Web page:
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318th Fighter Interceptor Squadron F-89 Model

$279.00

1 in stock (can be backordered)

Description

318th Fighter Interceptor Squadron F-89 Model

Fly with the 318th Fighter Interceptor Squadron in this handcrafted F-89 model. Each piece is carved from wood and hand painted to provide a piece you’ll love.

It was established in mid-1942 as a fighter squadron, and trained under I Fighter Command primarily in the northeast with Curtiss P-40 Warhawks. It was deployed to the Mediterranean Theater of Operations (MTO) in Algeria, and took part in the North African Campaign supporting the United States Fifth Army’s advance with tactical air support. It attacked enemy armored columns, troop concentrations, road transport, bridges and other targets of opportunity. It also flew combat missions over Sicily from airfields in Tunisia, supporting the Allied ground forces in the liberation of the island. The squadron was re-equipped with P-47 Thunderbolts when it moved to Italy in late 1943, and continued tactical operations as part of Twelfth Air Force. It supported the Fifth Army as it advanced into central and northern Italy during the Italian Campaign. the squadron was re-equipped with P-51D Mustangs in 1944. It continued combat operations until the German capitulation, and demobilized in northern Italy during the summer of 1945. It was inactivated in October.

Air Defense Command

It was reactivated by Air Defense Command in May 1947 at Mitchell Field, New York. In December 1947 it was transferred to Hamilton Field, California where it received its first aircraft, P-61 Black Widows which had been pressed into the air defense mission. In the spring of 1948 the squadron received new F-82 Twin Mustangs and in November 1948 moved to McChord AFB, Washington. In the fall of 1950 the squadron transitioned into jet F-94As Starfire Interceptors.

In June 1953 the squadron moved to Thule Air Base, Greenland, under control of the Northeast Air Command. The squadron came back under ADC in August 1954 when it was moved from Thule to Presque Isle AFB, Maine with F-89D Scorpions. In August 1955 the squadron returned to McChord AFB and transitioned into F-86D Sabres, and became part of the 25th Air Division covering the Northwest Air Defense Sector.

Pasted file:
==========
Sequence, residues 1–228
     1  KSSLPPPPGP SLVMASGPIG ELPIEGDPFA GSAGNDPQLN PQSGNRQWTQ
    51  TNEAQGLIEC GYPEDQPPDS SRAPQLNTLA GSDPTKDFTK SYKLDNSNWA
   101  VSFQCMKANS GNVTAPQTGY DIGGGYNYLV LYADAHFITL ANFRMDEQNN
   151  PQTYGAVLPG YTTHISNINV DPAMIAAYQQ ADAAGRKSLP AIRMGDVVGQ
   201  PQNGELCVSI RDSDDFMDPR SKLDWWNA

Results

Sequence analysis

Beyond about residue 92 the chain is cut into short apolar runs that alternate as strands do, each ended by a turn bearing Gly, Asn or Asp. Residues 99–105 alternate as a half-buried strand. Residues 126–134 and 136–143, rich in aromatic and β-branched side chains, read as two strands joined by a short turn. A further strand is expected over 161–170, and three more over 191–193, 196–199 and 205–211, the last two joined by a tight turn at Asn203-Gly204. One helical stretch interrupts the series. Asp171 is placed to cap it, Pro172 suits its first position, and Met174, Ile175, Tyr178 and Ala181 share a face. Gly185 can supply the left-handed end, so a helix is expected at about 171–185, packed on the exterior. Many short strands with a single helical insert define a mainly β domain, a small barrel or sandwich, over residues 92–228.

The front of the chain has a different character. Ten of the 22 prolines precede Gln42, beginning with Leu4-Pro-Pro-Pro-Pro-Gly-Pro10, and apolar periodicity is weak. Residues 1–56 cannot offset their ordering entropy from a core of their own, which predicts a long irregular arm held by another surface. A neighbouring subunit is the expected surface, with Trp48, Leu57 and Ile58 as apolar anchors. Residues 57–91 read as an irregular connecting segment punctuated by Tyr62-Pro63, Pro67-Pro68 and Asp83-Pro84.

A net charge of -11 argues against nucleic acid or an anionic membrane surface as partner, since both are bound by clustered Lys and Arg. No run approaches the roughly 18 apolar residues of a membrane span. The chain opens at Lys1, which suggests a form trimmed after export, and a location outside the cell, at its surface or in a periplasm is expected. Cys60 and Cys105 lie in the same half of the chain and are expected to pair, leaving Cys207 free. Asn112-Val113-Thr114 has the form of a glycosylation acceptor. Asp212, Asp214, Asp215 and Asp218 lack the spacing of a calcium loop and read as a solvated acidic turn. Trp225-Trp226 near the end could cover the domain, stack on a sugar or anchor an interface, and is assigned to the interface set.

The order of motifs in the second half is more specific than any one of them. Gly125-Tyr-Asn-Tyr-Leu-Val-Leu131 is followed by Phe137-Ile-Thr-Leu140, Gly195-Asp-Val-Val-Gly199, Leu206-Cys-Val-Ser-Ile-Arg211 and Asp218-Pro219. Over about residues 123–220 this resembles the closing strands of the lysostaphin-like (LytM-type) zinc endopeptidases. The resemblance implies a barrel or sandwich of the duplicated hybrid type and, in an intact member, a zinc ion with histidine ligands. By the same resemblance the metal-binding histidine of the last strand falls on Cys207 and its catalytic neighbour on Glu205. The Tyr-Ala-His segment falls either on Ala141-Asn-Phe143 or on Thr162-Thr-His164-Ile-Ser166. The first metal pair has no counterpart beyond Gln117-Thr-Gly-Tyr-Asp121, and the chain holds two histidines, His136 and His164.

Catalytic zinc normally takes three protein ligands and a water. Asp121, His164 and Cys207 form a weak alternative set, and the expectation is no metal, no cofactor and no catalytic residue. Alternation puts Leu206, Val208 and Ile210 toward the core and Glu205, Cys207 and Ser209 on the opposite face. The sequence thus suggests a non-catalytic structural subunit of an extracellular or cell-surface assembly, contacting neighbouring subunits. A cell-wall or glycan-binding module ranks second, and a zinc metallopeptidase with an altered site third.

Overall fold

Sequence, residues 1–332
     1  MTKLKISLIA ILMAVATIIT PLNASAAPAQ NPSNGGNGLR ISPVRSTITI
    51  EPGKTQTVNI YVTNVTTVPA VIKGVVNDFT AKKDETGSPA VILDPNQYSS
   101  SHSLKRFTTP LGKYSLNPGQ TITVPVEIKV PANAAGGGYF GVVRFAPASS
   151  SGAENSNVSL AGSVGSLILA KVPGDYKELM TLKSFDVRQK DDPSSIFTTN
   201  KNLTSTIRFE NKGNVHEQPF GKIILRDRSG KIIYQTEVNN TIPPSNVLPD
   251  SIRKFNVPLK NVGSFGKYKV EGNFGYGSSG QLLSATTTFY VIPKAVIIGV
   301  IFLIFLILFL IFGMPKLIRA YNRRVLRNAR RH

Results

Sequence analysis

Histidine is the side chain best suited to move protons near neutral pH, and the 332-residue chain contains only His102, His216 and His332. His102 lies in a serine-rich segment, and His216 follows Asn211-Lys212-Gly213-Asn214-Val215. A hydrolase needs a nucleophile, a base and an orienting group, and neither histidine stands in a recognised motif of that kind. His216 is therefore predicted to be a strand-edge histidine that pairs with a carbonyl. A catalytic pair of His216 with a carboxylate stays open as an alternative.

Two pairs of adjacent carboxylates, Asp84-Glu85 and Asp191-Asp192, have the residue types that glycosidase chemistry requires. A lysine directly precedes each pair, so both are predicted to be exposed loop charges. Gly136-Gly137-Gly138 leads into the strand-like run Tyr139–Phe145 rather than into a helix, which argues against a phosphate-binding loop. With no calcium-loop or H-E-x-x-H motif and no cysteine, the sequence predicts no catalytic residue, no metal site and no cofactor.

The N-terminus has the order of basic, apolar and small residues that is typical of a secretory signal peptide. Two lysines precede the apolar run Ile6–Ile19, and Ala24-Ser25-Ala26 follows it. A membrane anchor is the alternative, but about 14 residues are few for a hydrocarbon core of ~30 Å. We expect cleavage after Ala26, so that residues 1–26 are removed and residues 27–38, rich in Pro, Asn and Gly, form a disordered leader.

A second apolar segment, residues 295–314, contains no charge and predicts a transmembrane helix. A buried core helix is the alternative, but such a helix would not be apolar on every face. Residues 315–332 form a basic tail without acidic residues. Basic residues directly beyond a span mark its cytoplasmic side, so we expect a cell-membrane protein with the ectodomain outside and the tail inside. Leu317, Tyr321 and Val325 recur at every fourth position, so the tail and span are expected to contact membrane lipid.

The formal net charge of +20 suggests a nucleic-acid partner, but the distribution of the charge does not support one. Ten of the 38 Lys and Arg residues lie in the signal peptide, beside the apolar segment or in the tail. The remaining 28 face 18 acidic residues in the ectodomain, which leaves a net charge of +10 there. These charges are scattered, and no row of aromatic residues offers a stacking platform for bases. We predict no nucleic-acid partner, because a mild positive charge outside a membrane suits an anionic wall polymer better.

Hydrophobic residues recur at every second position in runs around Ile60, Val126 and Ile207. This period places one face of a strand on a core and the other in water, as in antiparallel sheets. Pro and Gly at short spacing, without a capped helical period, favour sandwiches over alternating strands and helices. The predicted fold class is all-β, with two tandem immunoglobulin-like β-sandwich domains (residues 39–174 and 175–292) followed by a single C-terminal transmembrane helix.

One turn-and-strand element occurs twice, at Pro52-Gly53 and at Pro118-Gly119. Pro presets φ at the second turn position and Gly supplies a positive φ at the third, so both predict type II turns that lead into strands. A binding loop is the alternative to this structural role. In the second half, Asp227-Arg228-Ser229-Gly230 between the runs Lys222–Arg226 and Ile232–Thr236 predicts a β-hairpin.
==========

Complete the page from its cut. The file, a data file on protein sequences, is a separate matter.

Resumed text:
In March 1957 the squadron began a transition into F-102A Delta Daggers and three years later in March 1960 into F-106 Delta Darts. On 22 October 1962, before President John F. Kennedy told Americans that missiles were in place in Cuba, the squadron dispersed one third of its force, equipped with nuclear tipped missiles to Paine Air Force Base at the start of the Cuban Missile Crisis.[2][3] These planes returned to McChord after the crisis.

On 15 March 1963 two Soviet bombers overflew Alaska and Alaskan Air Command F-102s were unable to intercept them.[4] The response to this intrusion was to deploy ten F-106s from the squadron and its sister unit, the 498th Fighter-Interceptor Squadron to Alaska in what was called Operation White Shoes.[5] However, maintaining these aircraft for an extended period of time put a strain on the 325th wing’s combat readiness back at McChord, and eventually a detachment of maintenance personnel was established to maintain the planes in Alaska. The unit got relief from this commitment while it was upgrading its F-106s from the 1st Fighter-Interceptor Wing, which relieved it from March to June 1964. Operation White Shoes terminated in 1965 and the unit’s planes returned home.[6]

On 22 March 1968 the 318th FIS deployed to Osan AB, Republic of Korea from McChord AFB, WA to provide air defense following the 26 January 1968 North Korea seizure of the USS Pueblo. This marked the first time in history that Aerospace Defense Command F-106 fighter interceptors had flown to a critical overseas area, using in-flight refueling along with tactical air units.

It returned to the United States after the Pueblo Crisis ended, and flew F-106s throughout the 1970s. The 318th converted to F-15 Eagles in 1983.